Posts Tagged ‘The Road Not Taken’

Today I finished reading “The Runner And The Path“, by Dean Ottati (2002).  This is another of the $2 books I’ve picked up at Half-Price Books on the outside rack.  I bought it on the strength of 1) it’s about running; 2) the author/runner lives locally (in Walnut Creek); and, 3) from the inside the cover notes the book came across as quasi-philosophical.  The book is all three and more. 

The author is an account manager (an “executive”) in a technology company.  Feeling a bit out of shape, he takes up running as a hobby and discovers that over time, it shows him an entirely new side of himself which he never made time to observe before.  The author learns (between running and talking with his running friends) to listen to his own heart.  Not the the physical heart beating away in his chest, but the heart beating away in his soul.

The book is a mild indictment of corporate America, because the author ultimately decides (after his review,) that he doesn’t always want to be fighting on the corporate ladder and that there is more to life than “just” more – more money, more authority, more stuff.  The author does admit he has been lucky and he’s fortunate enough to be in a position to back off of the rat race so his conclusions “ring” true, however, there doesn’t seem to be a lot of hope for the non-executives (regular workers) or those who can’t step off the ladder.

Other than those minor comments, I found the book to be very enjoyable – like talking with a new acquaintance whom you discover you have a lot in common with.  The authors writing style, even when he lapses into philosophy, is conversational and therefore a quick read.  And he does have a way with words, which means you’ll be seeing quotes from this book from time to time.

All in all, I recommend the book for those who have never really looked up from their “path” to see where it is actually taking them.

Finally, I must admit I kept waiting for a reference to Frost’s “The Road Not Taken“, but it never came.  An opportunity missed by the author…


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Today I felt like listening to some songs and posting a few more lyrics:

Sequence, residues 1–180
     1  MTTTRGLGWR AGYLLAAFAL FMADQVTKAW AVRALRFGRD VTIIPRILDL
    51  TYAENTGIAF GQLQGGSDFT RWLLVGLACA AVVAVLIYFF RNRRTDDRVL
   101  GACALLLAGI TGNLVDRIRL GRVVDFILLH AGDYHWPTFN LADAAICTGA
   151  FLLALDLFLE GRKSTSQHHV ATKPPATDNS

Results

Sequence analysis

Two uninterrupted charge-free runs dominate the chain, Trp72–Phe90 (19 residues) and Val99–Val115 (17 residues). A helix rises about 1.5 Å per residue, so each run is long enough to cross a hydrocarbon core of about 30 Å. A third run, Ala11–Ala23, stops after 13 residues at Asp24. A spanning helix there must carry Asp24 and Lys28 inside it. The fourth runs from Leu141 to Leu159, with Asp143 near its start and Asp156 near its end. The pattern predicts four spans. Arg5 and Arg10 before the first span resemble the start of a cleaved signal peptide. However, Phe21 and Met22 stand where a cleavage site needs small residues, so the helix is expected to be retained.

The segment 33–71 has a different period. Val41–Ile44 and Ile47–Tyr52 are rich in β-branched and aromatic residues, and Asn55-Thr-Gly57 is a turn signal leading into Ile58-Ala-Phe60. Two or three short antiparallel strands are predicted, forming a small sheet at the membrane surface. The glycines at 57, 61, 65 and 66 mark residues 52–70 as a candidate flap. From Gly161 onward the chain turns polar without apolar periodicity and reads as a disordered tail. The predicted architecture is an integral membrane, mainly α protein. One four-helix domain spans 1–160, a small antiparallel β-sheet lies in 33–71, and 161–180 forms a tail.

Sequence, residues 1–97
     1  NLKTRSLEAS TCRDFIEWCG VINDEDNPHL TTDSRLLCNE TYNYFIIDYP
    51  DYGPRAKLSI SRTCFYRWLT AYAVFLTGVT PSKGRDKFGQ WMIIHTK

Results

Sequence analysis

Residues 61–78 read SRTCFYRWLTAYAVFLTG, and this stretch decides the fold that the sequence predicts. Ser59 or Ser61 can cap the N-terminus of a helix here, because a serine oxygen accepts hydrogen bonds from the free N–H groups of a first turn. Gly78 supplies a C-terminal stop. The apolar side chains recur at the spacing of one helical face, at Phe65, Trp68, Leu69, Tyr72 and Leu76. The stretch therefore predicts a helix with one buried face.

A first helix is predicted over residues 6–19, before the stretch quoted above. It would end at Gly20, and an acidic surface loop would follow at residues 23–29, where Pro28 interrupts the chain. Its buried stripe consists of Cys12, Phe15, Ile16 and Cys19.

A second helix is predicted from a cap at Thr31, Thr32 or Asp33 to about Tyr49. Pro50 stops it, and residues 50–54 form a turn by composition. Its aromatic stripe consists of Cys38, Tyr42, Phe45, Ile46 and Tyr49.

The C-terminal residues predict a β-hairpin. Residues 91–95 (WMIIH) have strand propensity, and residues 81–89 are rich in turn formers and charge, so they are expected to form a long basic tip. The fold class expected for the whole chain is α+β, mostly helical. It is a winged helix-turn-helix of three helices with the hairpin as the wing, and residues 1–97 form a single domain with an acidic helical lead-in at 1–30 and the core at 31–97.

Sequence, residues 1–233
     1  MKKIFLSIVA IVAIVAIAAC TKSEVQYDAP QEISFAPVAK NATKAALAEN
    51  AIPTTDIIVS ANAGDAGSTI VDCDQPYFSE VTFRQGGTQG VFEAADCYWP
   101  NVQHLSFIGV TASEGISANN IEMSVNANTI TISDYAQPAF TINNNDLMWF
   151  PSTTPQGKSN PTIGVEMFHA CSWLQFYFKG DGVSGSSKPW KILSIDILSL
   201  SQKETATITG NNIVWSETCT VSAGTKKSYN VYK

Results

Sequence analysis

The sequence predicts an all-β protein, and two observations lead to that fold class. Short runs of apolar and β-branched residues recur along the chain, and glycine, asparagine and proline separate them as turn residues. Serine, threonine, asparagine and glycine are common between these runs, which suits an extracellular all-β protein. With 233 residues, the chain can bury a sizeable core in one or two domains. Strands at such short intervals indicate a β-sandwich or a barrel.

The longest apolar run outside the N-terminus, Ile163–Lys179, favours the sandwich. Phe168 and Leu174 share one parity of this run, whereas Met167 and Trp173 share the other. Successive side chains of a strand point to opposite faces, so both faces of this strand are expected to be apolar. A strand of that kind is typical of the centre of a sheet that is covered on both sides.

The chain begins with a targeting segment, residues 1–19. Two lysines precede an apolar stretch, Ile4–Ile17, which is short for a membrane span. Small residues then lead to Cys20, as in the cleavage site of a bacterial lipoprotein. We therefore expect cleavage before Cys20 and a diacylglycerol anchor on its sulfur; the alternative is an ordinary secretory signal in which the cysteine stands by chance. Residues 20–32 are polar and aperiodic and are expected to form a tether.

Sunshine On My Shoulders – This is a song from my teens / early adulthood.  When I first heard it, I thought it was one of the sappiest songs I’d ever heard.  As I’ve grown older and seen a few sunrises and sunsets, it’s come to mean more and more to me.  Now, whenever I hear it, I think of pristine lakes and evergreen forests and glorious sunrises. 

You’re Gonna Miss This – Every dad can relate to this song.  It’s as simple as that.  The funny (ironic) thing is that at every point in the song – it’s true – so in the end, every minute needs to be cherished because they will all be missed.

Nobody Knows It But Me – This is another in a long line of “lonely” songs which I always favor.  Love is always bitter-sweet when lost.  This version, performed by The Tony Rich Project is my favorite of the many covers because at the end he goes to find her (his lost love).  Some of the other versions don’t do this verse.

My Wish – This is one of two Rascal Flatts songs I can listen to a million times.  I haven’t (nearly), but I could.  It’s another of those songs you’d always want your kids to live up to or keep in their heart.

Bless The Broken Road – Like Robert Frost’s poem (The Road Not Taken), you never know what road will lead you to where you need to be.  Hopefully, it actually does lead you to someone to love…

Enjoy the words, go listen to the music online somewhere and then, if they touch you as they’ve touched me, don’t forget to buy them!!

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Today’s additions are two more song lyrics from musicals from my childhood and another poem by Robert Frost.
The first, Camelot, I think of fondly from a thoroughly biased view of history.
In the early 60’s, America in general, and Washington, D.C in particular seemed to me to be a magical place where even a Catholic could grow up to be President.  The majesty of the era has faded with the tragedy of assassination, the reality of adultery and the cynicism of politics before civil rights – but, for “a brief shining moment…”
The second, “The Impossible Dream“, is from the play (and movie): “The Man From LaMancha” which is based on the story of “Don Quixote” by Miguel de Cervantes.
I must admit to have fancied that I’ve lived my life learning the hard way most of the time and to have constantly sought to tilt against windmills.
The funny thing is…  I’m not entirely sure that many people would say either of those things about me.  Some would describe me as “travelled”, but not I think  as “Quixotic”.
In any case, Frost’s poem is (of course): “The Road Not Taken“.
Perhaps, for me, the windmills have been more personal and/or perceived than real.
Still, less travelled.  …And that has made all the difference.

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